This curious member of the Brassica genus and the Brassicaceae (or Cruciferae) family dates back to 1554 in Italy, according to edible plant historian E. Lewis Sturtevant. Its name is a combination of the German words for cabbage and turnip. Despite its long history, kohlrabi has never quite caught on in the United States. On the other hand, northern Europeans have long appreciated this vegetable. Kohlrabi is popular in Japan, China and Southeast Asia.
Growing Kohlrabi: The Forgotten Vegetable
Kohlrabi is crisp, crunchy, cruciferous and full of vitamins and powerful anti-cancer capabilities. If you are curious enough to grow it in your garden this year then you should put up some kohlrabi pickles.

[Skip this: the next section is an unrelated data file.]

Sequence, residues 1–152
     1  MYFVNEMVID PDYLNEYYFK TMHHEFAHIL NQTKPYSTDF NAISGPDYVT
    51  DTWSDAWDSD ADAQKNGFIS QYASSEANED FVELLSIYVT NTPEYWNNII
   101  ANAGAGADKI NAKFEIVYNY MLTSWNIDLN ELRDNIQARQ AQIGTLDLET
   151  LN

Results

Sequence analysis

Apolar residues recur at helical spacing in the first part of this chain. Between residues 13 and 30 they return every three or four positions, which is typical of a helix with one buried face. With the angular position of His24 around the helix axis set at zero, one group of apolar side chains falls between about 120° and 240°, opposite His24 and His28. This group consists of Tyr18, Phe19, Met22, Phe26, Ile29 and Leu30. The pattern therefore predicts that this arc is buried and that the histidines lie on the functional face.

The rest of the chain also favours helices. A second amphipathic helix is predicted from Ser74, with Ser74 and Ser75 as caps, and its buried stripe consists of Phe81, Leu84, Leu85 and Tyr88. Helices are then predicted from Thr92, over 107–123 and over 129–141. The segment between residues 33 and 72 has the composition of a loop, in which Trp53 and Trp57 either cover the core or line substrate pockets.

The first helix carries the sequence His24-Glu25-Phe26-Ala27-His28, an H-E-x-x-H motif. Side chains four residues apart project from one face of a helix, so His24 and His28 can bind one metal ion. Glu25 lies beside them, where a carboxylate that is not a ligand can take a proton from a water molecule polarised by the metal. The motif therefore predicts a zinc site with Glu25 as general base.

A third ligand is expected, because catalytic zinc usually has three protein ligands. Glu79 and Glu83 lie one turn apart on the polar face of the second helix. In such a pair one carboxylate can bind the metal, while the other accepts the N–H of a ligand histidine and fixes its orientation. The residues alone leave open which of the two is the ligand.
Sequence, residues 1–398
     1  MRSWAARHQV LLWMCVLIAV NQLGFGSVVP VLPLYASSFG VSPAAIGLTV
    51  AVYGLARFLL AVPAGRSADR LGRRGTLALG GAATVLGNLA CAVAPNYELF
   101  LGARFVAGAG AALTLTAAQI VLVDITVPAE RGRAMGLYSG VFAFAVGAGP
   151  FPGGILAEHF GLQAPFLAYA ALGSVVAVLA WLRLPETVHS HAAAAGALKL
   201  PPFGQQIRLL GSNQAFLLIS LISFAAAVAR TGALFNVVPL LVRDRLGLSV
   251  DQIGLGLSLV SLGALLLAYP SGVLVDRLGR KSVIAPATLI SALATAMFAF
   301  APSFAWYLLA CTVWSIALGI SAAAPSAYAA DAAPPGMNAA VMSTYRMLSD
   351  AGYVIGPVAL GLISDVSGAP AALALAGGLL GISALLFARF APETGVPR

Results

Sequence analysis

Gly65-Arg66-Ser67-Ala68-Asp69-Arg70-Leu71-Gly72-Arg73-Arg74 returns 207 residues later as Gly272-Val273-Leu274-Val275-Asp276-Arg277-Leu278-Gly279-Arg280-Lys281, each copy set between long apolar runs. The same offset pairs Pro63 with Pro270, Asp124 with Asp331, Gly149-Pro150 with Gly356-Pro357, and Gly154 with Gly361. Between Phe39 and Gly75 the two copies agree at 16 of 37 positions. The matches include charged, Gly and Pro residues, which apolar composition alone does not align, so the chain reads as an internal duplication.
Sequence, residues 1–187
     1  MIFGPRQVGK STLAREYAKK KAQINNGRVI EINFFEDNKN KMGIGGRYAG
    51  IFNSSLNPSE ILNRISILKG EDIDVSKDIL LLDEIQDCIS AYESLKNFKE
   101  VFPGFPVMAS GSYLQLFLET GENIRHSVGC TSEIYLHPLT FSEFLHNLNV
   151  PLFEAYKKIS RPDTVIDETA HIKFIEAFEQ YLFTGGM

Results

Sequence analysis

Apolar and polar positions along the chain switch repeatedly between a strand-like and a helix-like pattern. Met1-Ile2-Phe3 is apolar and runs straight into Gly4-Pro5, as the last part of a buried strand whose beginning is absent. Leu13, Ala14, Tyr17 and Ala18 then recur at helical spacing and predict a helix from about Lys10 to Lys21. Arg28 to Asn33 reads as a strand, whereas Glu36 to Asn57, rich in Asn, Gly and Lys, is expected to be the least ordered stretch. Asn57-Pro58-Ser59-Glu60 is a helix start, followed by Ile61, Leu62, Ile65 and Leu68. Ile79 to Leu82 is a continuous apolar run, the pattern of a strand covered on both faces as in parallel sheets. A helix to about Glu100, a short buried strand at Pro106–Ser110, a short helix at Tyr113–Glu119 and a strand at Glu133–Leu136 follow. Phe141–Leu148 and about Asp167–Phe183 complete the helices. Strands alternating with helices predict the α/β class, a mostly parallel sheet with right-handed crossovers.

3 kohlrabi, peeled and sliced 1/4-inch thick
2 large carrots, peeled, cut into sticks and parboiled for 3 minutes
2 cloves garlic, crushed
1 bay leaf
3 large sprigs fresh dill
3/4 cup white vinegar
1 1/4 cups water
3 tablespoons sugar
1 teaspoon mustard seed
1/2 teaspoon dill seed
1/4 teaspoon red pepper flakes
1 teaspoon salt
Combine kohlrabi and carrots; pack into 1-quart glass jar along with garlic, bay leaf and fresh dill.
In saucepan, combine pickling mixture ingredients and heat, stirring constantly, until mixture boils and sugar is dissolved.
Pour boiling mixture over kohlrabi and carrots, filling jar completely. Place lid on jar and allow to cool completely at room temperature. When cool, refrigerate for 3 to 4 days to let flavors blend before using. Yields 1 quart.